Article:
It’s rare for a week to go by here at Industrial Wire Rope without discussions about tensile strength or working load limit. We take it for granted that most people in our industry know there is a difference in the meaning of these terms. Yet, these terms and others are highly interrelated, and we thought an overview of them on one page might be a helpful reference. For those who want to dive deeper into the definitions and how they apply on the job, we’re also providing links to sources with additional information.

Tensile Strength

Let’s start with Tensile Strength. As we described in a post from 2017, “Tensile strength is a measurement of the force required to pull something such as rope, wire, or a structural beam to the point where it breaks. The tensile strength of a material is the maximum amount of tensile stress that it can take before failure, for example breaking.”

In our immediate world, tensile strength is the force required to break the ropes we offer. Tensile strength is determined by testing. Obviously, it is different for every type of rope, being a function of the material and construction of each type.

Although tensile strength is a definitive quantity measuring the force required to break a rope, working load limit is a measure that takes a wide range of variables into account. And always, the tensile strength of a material is greater than the recommended working load limit.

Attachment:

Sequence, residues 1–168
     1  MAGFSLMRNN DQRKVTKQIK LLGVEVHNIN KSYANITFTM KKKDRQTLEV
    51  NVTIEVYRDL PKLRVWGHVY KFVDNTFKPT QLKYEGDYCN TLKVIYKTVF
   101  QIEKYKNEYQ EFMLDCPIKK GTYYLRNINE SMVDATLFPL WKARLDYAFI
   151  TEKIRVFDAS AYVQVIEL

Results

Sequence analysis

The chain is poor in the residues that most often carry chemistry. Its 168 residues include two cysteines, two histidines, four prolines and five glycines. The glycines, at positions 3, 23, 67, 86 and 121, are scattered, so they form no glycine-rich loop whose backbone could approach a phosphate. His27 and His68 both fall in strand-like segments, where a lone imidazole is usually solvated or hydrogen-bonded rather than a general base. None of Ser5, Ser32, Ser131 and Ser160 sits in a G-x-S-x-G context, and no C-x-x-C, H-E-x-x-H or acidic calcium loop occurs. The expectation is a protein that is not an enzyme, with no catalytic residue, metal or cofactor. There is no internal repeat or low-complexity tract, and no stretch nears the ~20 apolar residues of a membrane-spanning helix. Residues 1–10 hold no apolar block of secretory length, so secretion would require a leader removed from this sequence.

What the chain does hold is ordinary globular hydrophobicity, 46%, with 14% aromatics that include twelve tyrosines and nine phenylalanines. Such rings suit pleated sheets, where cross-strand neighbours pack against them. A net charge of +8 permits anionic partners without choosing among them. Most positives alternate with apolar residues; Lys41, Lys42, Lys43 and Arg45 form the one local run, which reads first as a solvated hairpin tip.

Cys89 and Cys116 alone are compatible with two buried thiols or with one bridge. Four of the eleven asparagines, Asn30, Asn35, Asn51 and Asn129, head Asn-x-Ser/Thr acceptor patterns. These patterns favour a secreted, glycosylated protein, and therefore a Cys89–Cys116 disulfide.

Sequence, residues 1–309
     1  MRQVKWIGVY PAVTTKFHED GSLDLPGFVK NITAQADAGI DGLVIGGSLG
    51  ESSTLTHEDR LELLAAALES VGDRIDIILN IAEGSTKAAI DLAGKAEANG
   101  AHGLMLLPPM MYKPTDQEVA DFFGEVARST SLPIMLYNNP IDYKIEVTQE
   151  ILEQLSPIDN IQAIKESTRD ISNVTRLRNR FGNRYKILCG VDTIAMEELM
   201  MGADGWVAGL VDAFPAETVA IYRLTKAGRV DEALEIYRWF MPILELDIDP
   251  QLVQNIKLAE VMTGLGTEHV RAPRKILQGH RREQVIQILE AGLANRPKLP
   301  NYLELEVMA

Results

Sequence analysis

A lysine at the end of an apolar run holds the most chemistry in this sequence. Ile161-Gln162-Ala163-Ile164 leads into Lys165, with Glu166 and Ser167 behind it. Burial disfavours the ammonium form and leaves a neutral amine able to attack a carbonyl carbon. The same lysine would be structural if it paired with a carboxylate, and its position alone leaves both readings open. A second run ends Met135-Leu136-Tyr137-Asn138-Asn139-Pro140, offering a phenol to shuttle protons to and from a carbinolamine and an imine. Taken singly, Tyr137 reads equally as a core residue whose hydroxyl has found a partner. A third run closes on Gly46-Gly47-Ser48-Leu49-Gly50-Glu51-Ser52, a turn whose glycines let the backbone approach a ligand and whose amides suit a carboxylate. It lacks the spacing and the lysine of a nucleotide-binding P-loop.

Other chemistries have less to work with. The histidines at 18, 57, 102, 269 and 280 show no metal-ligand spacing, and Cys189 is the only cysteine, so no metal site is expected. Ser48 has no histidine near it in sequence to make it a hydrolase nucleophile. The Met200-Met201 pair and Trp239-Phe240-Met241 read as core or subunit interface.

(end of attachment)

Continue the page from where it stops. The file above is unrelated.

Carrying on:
Working Load Limit

The working load limit provides consideration for factors such as the abrasion, friction and rubbing the rope is subjected to, the variance in temperature extremes it is exposed to, harmful substances that may come into contact with it, age, and even knots in the rope. Working load limit is defined as “the maximum load which should ever be applied to the product, even when the product is new and when the load is uniformly applied”.

Working load limit is always a fraction of tensile strength, allowing for a generous margin of safety. For wire ropes, it’s common for the working load limit to be set at 20% of tensile strength. However, you generally don’t have to be concerned about doing the math on your own. Rope manufacturers typically mark the working load limit on the products, so the information should be readily available to you.

The Wire Rope User’s Handbook is a great resource for information about rope materials, construction and strength.
Wire Rope Handbook
It includes a section beginning on page 30 on “how to extend rope service life”. Below are just some of the factors to consider:

• the manner in which you install and “break in” your new rope
• the operating technique and work habits of the machine operators
• physical maintenance of the rope throughout its service life
• physical maintenance of the system in which your rope operates

If you ever have questions about working load limit or other safety issues related to your industrial wire rope, we’re here to answer them.